SIMPLE USAGE OF TRADITIONAL GRAPHICS The traditional graphics model Plots of one or two variables Plots ofmultiple variables Modern plots and specialized plots Interactive graphics CUSTOMIZING TRADITIONAL GRAPHICS The traditional graphics model in more detail Controlling the appearance of plots Arranging multiple plots Annotating plots Creating new plots
TRELLIS GRAPHICS: THE LATTICE PACKAGE The lattice graphics model Lattice plot types Controlling the appearance of lattice plots Arranging lattice plots Annotating lattice plots Creating new lattice plots THE GRID GRAPHICS MODEL A brief overview of grid graphics Graphical primitives Coordinate systems Controlling the appearance of output Viewports Missing values and non-finite values Interactive graphics Customizing lattice plots THE GRID GRAPHICS OBJECT MODEL Working with graphical output Grob lists, trees, and paths Working with graphical objects off-screen Placing and packing grobs in frames Other details about grobs Saving and loading grid graphics Working with lattice grobs DEVELOPING NEW GRAPHICS FUNCTIONS AND OBJECTS An example Simple graphics functions Graphical objects Querying grid
APPENDIX A: A BRIEF INTRODUCTION TO R Obtaining and installing R An environment for statistical computing and graphics A programming language
APPENDIX B: COMBINING TRADITIONAL GRAPHICS AND GRID GRAPHICS The gridBase package
For me as biologist, it is very important to have easy acces to information about R-functions and R-graphics. This is exactly what I found in this book, a very easy and profound introduction to R-graphics with all the functions needed for Traditional graphics and the more advanced Trellis/Grid graphics. As I do not need to create more complicated graphics then common histograms, boxplots and barplots with Traditional and Trellis graphics, I do not use the chapters on the Grid Graphics Model etc., but I guess that also this part is very easy to understand. Figures shown in the book are informative and can serve as examples how to present your data. Any R-functions needed are within can be found in the text.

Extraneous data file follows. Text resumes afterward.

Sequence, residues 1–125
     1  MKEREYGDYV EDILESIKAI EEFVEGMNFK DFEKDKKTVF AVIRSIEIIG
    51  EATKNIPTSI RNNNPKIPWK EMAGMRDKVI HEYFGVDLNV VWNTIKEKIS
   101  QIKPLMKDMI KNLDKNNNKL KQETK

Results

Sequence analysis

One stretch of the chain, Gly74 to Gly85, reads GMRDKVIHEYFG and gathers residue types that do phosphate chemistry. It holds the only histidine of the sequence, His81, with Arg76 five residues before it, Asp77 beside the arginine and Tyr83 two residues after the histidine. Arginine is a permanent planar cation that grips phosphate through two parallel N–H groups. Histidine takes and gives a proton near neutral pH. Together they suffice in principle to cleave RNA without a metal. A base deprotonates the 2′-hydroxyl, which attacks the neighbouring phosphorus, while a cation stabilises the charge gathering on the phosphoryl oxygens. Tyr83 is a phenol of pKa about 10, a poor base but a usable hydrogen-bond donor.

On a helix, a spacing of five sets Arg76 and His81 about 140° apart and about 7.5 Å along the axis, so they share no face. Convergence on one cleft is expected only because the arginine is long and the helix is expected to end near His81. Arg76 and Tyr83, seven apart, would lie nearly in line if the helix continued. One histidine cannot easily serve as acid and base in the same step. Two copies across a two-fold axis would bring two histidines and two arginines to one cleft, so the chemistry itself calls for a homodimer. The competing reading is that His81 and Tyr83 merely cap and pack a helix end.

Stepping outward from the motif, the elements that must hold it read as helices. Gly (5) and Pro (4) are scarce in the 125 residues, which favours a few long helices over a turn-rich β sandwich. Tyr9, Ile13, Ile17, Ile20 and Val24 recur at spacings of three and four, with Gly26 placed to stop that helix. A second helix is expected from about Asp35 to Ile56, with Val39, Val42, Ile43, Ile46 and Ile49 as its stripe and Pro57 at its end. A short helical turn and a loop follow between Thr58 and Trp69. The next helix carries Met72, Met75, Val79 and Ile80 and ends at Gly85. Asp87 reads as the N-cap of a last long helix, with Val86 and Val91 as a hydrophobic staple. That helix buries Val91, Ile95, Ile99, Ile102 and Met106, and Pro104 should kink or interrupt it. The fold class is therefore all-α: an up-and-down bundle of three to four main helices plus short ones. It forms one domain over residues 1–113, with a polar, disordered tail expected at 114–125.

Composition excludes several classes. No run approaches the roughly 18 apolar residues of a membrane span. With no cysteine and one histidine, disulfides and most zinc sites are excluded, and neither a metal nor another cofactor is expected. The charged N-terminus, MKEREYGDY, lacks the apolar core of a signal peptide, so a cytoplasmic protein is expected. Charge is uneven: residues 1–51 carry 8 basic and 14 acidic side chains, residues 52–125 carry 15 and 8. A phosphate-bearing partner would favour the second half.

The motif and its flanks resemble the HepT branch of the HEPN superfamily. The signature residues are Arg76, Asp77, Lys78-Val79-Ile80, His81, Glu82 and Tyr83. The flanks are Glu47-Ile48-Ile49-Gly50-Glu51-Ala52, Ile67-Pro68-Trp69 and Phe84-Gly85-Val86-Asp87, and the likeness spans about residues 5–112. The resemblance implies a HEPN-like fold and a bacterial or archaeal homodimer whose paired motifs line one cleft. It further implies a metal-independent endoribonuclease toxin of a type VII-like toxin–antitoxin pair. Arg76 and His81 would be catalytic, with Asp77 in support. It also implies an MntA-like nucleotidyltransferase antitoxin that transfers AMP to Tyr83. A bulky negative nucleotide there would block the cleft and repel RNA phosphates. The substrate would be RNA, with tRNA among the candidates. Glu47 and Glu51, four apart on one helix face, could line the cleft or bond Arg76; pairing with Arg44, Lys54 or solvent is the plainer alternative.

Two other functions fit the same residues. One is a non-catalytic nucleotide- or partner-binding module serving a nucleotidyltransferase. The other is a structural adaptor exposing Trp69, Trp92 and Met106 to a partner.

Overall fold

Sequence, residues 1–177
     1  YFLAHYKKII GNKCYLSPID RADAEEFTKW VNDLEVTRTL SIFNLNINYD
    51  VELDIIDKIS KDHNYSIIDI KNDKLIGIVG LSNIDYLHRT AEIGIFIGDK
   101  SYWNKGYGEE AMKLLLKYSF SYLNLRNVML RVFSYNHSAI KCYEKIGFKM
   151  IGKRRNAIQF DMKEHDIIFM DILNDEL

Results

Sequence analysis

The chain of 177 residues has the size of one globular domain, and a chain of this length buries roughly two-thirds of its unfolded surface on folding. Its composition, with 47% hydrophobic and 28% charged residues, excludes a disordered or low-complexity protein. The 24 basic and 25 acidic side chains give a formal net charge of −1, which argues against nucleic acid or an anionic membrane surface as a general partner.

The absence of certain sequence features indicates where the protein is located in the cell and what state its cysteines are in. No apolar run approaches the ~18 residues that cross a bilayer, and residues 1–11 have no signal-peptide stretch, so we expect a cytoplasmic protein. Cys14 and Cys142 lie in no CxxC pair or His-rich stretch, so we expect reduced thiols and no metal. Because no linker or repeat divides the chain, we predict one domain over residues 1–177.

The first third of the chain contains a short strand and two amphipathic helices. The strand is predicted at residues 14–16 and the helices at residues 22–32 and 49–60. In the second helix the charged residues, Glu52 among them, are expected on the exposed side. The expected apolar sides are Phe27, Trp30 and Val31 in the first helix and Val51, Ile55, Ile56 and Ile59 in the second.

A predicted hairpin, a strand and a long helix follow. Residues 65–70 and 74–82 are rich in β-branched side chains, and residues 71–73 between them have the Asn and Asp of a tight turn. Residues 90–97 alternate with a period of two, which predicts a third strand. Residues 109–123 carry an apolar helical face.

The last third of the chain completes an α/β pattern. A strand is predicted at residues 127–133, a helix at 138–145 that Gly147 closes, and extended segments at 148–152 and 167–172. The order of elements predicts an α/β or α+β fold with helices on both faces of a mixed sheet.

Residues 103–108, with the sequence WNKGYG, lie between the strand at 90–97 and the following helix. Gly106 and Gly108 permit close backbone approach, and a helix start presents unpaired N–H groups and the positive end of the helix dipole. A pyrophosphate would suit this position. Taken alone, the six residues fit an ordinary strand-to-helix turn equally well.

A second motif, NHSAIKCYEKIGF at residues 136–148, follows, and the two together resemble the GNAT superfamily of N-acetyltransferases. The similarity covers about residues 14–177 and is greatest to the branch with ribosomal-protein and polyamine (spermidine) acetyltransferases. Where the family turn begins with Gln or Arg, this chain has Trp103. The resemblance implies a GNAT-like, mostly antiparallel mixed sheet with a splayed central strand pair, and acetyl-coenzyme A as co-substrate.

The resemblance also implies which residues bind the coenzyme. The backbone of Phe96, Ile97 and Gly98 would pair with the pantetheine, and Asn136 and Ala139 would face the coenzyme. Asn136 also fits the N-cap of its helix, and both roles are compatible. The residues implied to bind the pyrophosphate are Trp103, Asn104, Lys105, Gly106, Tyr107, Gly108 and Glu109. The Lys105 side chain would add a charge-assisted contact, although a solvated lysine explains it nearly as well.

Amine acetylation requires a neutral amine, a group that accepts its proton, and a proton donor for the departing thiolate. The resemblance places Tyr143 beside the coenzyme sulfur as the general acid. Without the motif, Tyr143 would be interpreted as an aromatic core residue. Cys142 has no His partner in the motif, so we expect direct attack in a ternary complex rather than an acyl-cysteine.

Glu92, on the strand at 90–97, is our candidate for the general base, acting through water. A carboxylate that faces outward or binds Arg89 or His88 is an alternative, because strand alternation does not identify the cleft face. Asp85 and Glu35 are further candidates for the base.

Although you can find any R-functions for graphics on the web, this book, which goes through the whole process of creating graphics, is a very convenient tool to use. And this is also true for R-beginners, such as I was recently.
Advanced grid coverage, thin lattice coverage
For the most part, I've stopped using traditional R graphics. I use lattice for most of my work, and I'm not writing new graphics functions.
By page count, this book devotes ~40% to traditional R graphics, 10% to lattice, and 40% to grid, in that order. The traditional graphics coverage is good, with interesting material on margins and other layout arcana. The grid coverage is quite technical, targeted largely at developers and power-users. The 10% lattice isn't especially illuminating. The grid material does inform the mechanisms behind lattice, and show how to mix grid and lattice. The traditional graphics material, does not apply to either grid or lattice.
If you're like me, this book isn't a good `first book`. It covers the basics (which i'm comfortable with) and the complex (which i don't usually need), without a lot of middle ground, especially with respect to lattice. A good alternative might be `Lattice: Multivariate Data Visualization with R by Deepayan Sarkar` or ggplot2: Elegant Graphics for Data Analysis (Use R) by Hadley Wickham.
This book is well-written, and the grid coverage is thorough, but it could use a more descriptive title.
Good, not great
R is a free software system that runs under Windows, Linux, and the Mac OS. R comprises a programming language, considerable support for statistical computing, and a set of powerful graphics functions. Murrell's book is about graphics.